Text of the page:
Tooth decay is the deterioration of the enamel or the underlying tooth structure. For example, a common form of tooth decay is a cavity. Cavities start as small pits or holes in the tooth’s protective enamel. Initially, a cavity may not cause any pain or other symptoms until it progresses. At some point, you may be able to see an actual hole or black spot on your tooth. Without treatment, cavities can advance into infection or tooth loss.
Many people associate cavities with children. However, adults are just as susceptible to tooth decay. Over 90% of adults in the U.S. will develop cavities before they are 65 years old. While it is essential to discuss the frequency of cavities in adults, treating them in children is vital. The U.S. Department of Health and Human Services reports that tooth decay is the most common chronic childhood illness.
There is a myth that cavities in children are not a big deal. The myth exists because children’s teeth fall out and are not permanent. Why fix a cavity if an adult tooth will fill its place? The answer is: children’s oral health impacts the health of their permanent teeth. It can be tempting to dismiss the importance of children’s oral health. However, it is just as essential as adult oral health.
Cavities affect health in the same way for both children and adults. As cavities progress, they can cause pain, sensitivity, and discomfort. This alone is reason enough to get children’s cavities treated. However, it can have a much harsher lifelong impact. Untreated cavities can do more than just destroy the enamel. Instead, cavities will continue to burrow into the tooth to the delicate inner layers. The innermost layer—the pulp—contains connective tissues and nerves.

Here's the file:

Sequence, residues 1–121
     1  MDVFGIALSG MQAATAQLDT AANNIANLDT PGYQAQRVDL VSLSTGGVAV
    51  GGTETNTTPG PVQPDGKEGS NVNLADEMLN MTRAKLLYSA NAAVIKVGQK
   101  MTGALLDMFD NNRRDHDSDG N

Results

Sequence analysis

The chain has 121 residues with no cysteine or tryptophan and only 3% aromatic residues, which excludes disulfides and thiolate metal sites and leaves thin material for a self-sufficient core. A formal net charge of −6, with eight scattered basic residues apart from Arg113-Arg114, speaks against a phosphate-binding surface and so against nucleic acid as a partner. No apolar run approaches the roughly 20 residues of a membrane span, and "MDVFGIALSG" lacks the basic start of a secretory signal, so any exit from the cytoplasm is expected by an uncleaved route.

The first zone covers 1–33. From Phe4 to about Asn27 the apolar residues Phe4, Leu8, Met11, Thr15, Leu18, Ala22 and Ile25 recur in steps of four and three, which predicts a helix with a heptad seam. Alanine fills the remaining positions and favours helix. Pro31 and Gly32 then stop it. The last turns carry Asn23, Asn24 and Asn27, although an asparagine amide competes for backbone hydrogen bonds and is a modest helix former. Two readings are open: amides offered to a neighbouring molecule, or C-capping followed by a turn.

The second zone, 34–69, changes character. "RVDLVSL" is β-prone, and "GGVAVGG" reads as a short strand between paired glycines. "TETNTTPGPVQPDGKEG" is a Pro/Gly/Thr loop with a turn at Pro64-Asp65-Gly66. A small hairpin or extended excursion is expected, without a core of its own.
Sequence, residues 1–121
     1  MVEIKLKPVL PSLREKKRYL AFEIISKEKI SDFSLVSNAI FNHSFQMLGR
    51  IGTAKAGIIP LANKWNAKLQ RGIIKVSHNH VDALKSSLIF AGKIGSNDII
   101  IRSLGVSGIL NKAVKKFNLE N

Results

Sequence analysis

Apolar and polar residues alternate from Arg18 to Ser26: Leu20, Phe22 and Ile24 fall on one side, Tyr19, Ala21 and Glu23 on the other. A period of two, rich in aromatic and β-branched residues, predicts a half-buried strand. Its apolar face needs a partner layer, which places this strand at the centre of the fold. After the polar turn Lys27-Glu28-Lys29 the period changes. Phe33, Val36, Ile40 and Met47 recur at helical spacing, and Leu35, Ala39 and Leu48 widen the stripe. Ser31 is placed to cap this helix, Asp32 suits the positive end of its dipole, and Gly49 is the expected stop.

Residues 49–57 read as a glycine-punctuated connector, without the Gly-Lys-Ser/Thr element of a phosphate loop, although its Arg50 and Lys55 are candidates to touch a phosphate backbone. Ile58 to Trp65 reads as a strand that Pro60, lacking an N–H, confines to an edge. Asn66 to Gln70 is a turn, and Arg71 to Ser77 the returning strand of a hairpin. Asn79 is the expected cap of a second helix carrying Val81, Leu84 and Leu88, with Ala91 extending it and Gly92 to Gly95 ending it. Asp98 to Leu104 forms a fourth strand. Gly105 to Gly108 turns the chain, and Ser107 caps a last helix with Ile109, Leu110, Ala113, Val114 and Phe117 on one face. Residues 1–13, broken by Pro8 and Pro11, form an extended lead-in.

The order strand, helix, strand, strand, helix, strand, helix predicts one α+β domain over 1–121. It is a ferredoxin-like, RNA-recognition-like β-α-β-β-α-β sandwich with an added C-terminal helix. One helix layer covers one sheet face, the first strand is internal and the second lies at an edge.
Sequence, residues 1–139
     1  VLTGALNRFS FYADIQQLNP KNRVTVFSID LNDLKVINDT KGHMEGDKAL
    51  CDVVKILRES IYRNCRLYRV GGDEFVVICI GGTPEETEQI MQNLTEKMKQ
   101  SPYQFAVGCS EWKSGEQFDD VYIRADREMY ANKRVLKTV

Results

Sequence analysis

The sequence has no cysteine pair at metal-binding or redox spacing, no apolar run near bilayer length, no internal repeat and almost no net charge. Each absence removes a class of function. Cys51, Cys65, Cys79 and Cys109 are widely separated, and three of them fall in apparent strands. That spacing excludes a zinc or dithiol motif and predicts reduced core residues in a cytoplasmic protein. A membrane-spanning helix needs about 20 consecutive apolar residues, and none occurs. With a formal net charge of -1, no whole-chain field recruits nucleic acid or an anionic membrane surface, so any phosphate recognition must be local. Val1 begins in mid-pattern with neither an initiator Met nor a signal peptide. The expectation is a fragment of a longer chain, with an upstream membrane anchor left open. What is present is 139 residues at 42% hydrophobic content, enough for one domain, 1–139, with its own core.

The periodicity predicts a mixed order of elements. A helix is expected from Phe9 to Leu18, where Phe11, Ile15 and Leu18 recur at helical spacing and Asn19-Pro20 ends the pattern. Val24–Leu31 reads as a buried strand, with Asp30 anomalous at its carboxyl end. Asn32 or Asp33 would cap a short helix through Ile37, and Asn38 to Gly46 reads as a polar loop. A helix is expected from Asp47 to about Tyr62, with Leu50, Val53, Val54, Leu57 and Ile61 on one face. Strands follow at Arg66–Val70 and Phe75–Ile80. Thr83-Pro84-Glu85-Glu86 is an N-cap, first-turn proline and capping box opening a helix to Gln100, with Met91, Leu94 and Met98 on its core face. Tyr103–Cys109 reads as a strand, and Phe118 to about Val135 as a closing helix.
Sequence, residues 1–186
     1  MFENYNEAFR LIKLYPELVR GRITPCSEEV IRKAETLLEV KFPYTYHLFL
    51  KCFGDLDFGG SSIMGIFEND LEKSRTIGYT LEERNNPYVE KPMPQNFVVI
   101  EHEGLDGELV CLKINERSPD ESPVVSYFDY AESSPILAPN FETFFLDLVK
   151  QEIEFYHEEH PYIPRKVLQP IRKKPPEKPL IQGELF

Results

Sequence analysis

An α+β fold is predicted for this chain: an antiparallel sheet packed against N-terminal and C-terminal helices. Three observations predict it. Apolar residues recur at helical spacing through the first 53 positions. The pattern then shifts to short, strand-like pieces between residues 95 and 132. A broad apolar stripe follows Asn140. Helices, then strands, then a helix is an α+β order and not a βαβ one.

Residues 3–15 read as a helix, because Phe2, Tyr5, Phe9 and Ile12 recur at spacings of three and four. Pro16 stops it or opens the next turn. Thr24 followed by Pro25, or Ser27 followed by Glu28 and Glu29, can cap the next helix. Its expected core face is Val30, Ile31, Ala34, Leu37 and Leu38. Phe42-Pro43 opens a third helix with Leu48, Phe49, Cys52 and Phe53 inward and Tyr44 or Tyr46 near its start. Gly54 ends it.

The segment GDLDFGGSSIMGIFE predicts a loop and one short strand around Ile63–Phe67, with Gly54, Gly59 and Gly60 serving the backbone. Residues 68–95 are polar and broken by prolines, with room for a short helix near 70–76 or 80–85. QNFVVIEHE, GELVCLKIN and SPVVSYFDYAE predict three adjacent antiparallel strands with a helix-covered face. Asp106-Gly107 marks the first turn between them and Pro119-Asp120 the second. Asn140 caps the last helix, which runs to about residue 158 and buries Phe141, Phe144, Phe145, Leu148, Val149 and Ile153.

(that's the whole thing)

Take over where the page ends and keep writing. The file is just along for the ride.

Once a cavity reaches the pulp, it will cause significant pain. Also, it will require a much more painful and invasive procedure. In addition, cavities can advance into infections and even tooth loss. Infections in the mouth should be considered dangerous and require immediate treatment. If left alone, infections will spread to other organ systems through the bloodstream or airway.
The infections in baby teeth can spread to permanent adult teeth. This can cause early decay of teeth still within the gums. Additionally, tooth decay in non-erupted teeth can create deformities in the teeth.
You can prevent tooth decay through a combination of dental exams and proper oral health care.
Children learn best through example. You can model good oral health care for your child. If you brush and floss your teeth as recommended, your child will likely follow suit. If you go through your oral health care routine with your child, you can monitor them. You can ensure that they are brushing and flossing correctly.
Taking your child to the dentist can help them develop healthy lifelong habits. If they are used to going to the dentist as a child, they are more likely to go as an adult. In addition, any health habits formed as a child increase the likelihood of them making it to adulthood.